Sunday, February 3, 2008


I first read The Screwtape Letters by C.S. Lewis in 1975, and kept the small paperback copy I had of it until my daughter ran off with it (since returned). As a young man just starting my Christian walk, this book had a profound effect on me. Still, the years gave no opportunity for me to read it again until recently. I suggested to the co-teacher of our adult Sunday School class that this would be a good book to study. I found a study guide from Progeny Press, and we began the study last October, finishing up just today. While C.S. Lewis is sometimes very dense in his writing, everyone today said they were glad we did the study, that they got much out of it.

Now, much further into my Christian life, The Screwtape Letters has once again had a profound effect on me. I love the way Lewis puts himself into the voice of one of Satan's helpers, the senior demon Screwtape, who is corresponding with his nephew Wormword. Wormwood is just beginning his career as a tempter, and has been assigned to a young man in England, about the time that World War 2 is beginning. We never do learn who Wormwood is tempting; his is simply identified as "the Patient". But we learn much about him, as early in the book he becomes an adult convert to Christianity (reported by Wormwood and commented on by Screwtape in Letter 2). Screwtape tells Wormwood, "There is no need to despair; hundreds of these adult converts have been reclaimed after a brief sojourn in the Enemy's [meaning God] camp and are not with us."

Throughout the rest of the book, Screwtape coaches Wormwood in the art of temptation, while Wormwood, in letters that we don't see, reports to Screwtape about what he is doing to tempt the patient and what the result is. The result is a wonderful insight into human nature, our relationship with God, and what temptation and sin are all about. When the patient's rocky relationship with his mother does not improve after his conversion, Screwtape tells Wormwood, "It is...impossible to prevent his praying for his mother, but we have means of rendering the prayers innocuous. Make sure that they are always "spiritual," that he is always concerned with the state of her soul and never with her rheumatism." When the patient acquires a new set of friends, Screwtape says they "are just the sort of people we want him to know--rich, smart, superficially intellectual, and brightly sceptical about everything in the world." When the patient meets and falls in love with a Christian woman who would be a perfect helpmate to him, Screwtape says of her, "a two-faced little cheat...who looks as if she'd faint at the sight of blood, and then dies with a smile...filthy, insipid little prude...she makes me want to vomit!"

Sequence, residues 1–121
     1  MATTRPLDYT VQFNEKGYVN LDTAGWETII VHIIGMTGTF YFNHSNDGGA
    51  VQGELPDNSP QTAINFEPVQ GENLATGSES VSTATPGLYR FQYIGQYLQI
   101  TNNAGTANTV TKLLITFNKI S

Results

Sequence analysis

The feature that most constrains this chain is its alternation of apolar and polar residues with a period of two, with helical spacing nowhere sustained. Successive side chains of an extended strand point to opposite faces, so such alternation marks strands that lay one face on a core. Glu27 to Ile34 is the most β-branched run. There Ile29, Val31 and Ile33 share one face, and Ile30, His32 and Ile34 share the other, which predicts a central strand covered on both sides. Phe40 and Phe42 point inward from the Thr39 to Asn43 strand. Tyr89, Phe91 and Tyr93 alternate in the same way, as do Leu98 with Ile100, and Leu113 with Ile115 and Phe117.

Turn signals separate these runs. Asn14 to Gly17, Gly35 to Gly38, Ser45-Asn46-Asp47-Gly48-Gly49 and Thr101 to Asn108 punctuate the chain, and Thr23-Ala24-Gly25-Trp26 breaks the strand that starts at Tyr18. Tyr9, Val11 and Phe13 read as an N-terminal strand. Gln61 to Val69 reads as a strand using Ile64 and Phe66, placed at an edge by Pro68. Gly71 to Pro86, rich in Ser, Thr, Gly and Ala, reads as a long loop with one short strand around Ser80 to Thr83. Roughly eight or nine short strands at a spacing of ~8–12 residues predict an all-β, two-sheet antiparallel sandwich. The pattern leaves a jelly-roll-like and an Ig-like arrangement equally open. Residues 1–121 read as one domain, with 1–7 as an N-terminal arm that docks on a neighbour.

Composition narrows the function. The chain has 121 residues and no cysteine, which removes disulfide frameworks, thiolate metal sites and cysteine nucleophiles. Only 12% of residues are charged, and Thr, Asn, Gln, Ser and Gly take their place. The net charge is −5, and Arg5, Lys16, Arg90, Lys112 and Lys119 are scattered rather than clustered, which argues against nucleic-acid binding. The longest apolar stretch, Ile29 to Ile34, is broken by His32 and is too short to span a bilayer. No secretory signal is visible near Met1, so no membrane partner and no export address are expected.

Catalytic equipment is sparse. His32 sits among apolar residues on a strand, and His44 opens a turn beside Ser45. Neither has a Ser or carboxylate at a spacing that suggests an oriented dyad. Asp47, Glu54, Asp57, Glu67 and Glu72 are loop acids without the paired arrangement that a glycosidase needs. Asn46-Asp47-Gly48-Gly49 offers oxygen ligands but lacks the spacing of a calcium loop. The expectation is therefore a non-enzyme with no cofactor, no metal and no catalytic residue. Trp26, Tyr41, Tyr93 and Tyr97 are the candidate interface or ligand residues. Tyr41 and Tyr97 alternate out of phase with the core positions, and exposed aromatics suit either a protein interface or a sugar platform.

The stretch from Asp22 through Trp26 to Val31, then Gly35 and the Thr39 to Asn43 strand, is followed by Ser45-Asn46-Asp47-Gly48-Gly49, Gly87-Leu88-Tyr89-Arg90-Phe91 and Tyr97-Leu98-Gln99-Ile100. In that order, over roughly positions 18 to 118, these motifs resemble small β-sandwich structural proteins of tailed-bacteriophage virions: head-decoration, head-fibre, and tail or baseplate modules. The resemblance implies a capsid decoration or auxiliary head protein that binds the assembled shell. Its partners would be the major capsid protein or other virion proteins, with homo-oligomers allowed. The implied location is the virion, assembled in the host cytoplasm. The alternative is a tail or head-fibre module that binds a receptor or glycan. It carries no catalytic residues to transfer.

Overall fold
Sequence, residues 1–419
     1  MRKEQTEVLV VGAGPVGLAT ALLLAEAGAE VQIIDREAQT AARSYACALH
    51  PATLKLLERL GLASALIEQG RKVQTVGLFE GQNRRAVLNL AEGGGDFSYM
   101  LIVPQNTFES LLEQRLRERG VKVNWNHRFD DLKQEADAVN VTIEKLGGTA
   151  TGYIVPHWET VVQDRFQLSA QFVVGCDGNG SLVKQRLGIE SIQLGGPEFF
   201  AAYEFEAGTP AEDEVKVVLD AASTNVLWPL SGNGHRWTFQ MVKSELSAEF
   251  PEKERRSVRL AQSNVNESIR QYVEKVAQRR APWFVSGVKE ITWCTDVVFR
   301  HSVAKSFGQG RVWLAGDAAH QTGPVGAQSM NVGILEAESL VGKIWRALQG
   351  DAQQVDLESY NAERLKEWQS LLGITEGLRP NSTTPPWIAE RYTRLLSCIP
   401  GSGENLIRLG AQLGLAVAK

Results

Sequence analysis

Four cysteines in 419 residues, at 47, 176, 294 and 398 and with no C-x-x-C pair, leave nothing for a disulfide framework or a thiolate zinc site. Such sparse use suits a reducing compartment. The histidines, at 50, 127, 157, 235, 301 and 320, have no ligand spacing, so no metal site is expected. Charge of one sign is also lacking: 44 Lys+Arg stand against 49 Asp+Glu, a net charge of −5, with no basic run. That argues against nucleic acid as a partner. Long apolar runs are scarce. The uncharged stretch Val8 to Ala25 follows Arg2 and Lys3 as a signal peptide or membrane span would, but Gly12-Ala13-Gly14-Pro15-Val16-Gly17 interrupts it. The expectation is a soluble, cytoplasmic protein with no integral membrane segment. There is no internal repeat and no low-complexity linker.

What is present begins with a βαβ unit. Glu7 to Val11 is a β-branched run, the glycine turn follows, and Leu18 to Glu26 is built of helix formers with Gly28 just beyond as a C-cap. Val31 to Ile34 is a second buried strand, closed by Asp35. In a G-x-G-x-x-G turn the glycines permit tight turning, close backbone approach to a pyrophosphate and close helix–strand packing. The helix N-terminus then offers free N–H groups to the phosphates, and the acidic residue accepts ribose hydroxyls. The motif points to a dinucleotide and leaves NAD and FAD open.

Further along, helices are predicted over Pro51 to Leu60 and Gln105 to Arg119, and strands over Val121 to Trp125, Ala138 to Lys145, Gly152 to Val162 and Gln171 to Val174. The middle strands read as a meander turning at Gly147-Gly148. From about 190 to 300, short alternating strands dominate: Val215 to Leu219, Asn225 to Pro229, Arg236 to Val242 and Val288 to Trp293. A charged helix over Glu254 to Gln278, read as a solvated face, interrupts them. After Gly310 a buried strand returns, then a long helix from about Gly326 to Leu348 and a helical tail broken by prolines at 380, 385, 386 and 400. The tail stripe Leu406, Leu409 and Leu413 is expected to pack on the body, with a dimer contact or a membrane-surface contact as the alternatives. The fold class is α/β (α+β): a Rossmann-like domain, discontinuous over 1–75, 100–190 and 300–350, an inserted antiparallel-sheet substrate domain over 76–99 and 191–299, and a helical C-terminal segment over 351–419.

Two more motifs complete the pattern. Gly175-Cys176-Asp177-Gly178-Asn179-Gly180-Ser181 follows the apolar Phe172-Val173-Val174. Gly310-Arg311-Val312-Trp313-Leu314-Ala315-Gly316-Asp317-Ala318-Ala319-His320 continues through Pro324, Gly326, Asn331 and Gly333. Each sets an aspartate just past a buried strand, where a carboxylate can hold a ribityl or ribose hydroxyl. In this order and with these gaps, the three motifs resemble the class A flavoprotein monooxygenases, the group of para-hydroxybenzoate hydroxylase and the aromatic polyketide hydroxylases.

With many such statements, Lewis keeps us entertained, while at the same time helping us to understand ourselves. In Letter 25 he talked about similarity and change, and has Screwtape tell how the world below has caused human ("two-legged vermin") to have a horror of "the same old thing". Humans want change, and the tempters should give it to them. But Screwtape warns Wormwood how God provides for change in a positive way. "The horror of the Same Old Thing is one of the most valuable passions we have produced in the human heart--an endless source of heresies in religion, folly in counsel, infidelity in marriage, and inconsistency in friendship...The humans...need change, [so] the Enenmy...has made change pleasurable to them....He has balanced the love of change in them by a love of permanence. He has contrived to gratify both tastes together in the very world He has made, by that union of change and permanence which we call Rhythm." Wonder, wonderful stuff.

The main theme which seemed to stand out to me, in a way it didn't 33 years ago, was that Screwtape advised Wormwood to direct the man into a state of confusion. Confusion is what drives people to Satan. Unsaid was that order drives people to God: orderly habits, orderly thinking, orderly praying, etc.

If you haven't read The Screwtape Letters, I urge you to do so. Don't just read it: study it, meditate on it, reflection on Lewis's genius, and grow because of it.

1 comment:

Richard said...


Good thougths...I'm writting a message for this Sunday following Pastor Rickey's series on Decisions...we're going to be looking at "Distractions & Desires that can cause Derailments" - basically we're talking about temptation because we will face it if we're attempting to make god honoring decisions. Thanks for reminding me of this resource...I may use some thoughts or quotes in the message. Blessings ~ RLS